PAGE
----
Financial self-restraint should be America's next culture crusade
Centuries ago, historians came up with a classic theory to explain the rise and decline of nations. The theory was that great nations start out tough-minded and energetic. Toughness and energy lead to wealth and power. Wealth and power lead to affluence and luxury. Affluence and luxury lead to decadence, corruption and decline.
"Human nature, in no form of it, could ever bear prosperity," John Adams wrote in a letter to Thomas Jefferson, warning against the coming corruption of his country.
… despite the country's notorious materialism, there has always been a countervailing stream of sound economic values. The early settlers believed in Calvinist restraint. The pioneers volunteered for brutal hardship during their treks out west. Waves of immigrant parents worked hard and practiced self-denial so their children could succeed. Government was limited and did not protect people from the consequences of their actions, thus enforcing discipline and restraint.
When economic values did erode, the ruling establishment tried to restore balance. After the Gilded Age, Theodore Roosevelt (who ventured west to counteract the softness of his upbringing) led a crackdown on financial self-indulgence. The Protestant establishment had many failings, but it was not decadent. The old WASPs were notoriously cheap, sent their children to spartan boarding schools, and insisted on financial sobriety.
Over the past few years, however, there clearly has been an erosion in the country's financial values…in the three decades between 1950 and 1980, personal consumption was remarkably stable, amounting to about 62 percent of GDP. In the next three decades, it shot upward, reaching 70 percent of GDP in 2008.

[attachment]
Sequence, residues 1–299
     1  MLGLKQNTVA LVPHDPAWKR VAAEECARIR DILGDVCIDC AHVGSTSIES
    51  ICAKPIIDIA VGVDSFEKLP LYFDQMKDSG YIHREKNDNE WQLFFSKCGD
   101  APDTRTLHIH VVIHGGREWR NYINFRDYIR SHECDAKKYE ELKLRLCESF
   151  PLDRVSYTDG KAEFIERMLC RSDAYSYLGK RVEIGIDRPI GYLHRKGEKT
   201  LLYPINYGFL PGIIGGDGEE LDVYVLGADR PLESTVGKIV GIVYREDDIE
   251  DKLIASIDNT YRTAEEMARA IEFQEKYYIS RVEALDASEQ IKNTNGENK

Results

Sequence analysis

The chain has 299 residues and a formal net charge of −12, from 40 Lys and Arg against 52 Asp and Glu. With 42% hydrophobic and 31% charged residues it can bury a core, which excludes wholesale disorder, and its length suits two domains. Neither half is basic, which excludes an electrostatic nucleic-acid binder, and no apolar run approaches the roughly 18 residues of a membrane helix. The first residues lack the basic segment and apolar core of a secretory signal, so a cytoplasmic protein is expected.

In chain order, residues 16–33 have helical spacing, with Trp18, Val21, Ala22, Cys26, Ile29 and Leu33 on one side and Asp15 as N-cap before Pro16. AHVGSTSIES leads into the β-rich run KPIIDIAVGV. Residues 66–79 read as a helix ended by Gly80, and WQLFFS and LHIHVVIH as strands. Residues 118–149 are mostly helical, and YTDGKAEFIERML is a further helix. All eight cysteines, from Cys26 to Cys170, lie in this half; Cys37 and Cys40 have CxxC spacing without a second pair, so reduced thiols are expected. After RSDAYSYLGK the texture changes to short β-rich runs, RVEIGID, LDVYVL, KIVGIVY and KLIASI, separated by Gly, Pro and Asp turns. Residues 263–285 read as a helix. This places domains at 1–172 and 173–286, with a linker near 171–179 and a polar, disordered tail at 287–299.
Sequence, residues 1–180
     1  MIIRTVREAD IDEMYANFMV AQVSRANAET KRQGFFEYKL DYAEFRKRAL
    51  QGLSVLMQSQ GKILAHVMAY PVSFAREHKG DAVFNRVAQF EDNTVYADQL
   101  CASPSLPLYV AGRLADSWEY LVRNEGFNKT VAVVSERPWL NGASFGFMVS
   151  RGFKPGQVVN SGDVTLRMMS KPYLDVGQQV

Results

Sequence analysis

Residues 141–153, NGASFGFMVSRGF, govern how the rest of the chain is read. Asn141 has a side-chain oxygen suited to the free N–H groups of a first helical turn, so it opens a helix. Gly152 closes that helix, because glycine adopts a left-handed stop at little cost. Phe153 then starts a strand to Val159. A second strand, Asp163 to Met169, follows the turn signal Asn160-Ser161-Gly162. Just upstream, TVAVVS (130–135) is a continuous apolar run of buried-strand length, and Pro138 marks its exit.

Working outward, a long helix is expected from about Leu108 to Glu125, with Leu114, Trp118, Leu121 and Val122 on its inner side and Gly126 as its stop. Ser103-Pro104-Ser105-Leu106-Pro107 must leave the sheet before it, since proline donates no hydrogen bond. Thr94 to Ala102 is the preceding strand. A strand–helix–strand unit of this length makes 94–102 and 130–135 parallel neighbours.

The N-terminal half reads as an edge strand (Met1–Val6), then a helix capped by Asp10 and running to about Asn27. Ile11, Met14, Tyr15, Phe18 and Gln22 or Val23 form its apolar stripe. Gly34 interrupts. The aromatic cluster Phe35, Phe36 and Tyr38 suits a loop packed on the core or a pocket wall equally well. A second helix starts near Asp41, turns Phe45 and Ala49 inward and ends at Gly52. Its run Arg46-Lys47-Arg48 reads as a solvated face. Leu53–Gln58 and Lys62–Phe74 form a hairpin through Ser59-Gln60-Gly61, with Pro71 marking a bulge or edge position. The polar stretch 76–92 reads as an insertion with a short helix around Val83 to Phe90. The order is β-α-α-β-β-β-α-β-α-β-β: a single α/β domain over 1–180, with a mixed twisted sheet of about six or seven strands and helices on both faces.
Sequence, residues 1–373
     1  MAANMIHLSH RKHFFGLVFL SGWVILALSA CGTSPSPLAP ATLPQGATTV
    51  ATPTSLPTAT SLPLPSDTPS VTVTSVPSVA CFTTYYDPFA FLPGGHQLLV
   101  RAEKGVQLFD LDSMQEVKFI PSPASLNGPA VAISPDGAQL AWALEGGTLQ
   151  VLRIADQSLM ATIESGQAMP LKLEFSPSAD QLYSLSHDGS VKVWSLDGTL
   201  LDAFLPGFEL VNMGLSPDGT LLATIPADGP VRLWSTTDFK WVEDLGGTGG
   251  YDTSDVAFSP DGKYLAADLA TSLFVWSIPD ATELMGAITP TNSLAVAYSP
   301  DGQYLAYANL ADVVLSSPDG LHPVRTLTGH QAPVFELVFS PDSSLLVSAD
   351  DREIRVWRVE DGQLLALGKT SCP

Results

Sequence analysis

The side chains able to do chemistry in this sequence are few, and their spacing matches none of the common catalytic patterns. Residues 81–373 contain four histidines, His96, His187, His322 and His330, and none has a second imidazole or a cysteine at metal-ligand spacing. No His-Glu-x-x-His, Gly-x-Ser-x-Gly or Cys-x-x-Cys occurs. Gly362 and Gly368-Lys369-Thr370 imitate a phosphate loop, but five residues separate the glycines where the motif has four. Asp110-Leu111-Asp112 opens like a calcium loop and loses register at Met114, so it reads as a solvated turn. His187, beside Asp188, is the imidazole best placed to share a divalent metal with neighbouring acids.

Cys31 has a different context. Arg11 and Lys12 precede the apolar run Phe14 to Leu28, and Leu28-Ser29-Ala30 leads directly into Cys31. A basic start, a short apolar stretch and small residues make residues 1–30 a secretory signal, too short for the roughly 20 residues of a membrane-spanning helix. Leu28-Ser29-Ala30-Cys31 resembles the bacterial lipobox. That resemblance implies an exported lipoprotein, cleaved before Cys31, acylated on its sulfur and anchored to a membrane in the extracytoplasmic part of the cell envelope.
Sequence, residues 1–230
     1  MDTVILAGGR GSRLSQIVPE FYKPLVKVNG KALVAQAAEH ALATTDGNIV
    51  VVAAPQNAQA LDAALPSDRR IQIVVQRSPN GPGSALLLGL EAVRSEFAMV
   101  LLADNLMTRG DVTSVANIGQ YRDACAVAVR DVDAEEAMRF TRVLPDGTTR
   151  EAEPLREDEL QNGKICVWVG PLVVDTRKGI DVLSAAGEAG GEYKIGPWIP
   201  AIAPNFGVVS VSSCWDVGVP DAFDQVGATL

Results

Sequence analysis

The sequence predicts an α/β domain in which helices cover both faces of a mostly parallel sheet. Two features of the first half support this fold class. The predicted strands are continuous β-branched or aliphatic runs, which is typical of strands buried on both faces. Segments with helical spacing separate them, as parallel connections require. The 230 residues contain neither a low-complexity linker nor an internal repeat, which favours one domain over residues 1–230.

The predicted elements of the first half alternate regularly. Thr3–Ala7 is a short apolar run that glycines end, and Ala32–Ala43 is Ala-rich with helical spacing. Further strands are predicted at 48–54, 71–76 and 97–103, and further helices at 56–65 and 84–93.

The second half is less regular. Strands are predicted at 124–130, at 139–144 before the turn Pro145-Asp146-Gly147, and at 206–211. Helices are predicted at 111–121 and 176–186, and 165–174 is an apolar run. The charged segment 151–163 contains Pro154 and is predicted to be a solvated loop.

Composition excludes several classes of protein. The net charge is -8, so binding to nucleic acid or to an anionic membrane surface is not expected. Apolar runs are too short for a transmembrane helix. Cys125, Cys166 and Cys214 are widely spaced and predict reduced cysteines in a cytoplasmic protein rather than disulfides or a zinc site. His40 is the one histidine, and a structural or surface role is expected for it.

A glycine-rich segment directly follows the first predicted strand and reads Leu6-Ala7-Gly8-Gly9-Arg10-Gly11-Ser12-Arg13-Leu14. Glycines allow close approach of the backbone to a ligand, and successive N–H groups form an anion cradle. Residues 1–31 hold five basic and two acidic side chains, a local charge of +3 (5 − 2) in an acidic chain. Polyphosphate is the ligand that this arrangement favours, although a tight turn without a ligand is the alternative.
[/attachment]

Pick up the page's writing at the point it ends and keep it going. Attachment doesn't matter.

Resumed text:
During this period, debt exploded. In 1960, Americans' personal debt amounted to about 55 percent of national income. By 2007, Americans' personal debt had surged to 133 percent of national income.
…Our current cultural politics are organized by the obsolete culture war, which has put secular liberals on one side and religious conservatives on the other. But the slide in economic morality afflicted Red and Blue America equally.
If there is to be a movement to restore economic values, it will have to cut across the current taxonomies. Its goal will be to make the United States again a producer economy, not a consumer economy.
It will have to take on what you might call the lobbyist ethos -- the righteous conviction held by everybody from AARP to the agribusinesses that their groups are entitled to every possible appropriation, regardless of the larger public cost. It will have to take on the self-indulgent popular demand for low taxes and high spending.
A crusade for economic self-restraint would have to rearrange the current alliances...that are now deemed politically impossible. But this sort of moral revival is what the country actually needs.
The New York Times, September 30, 2009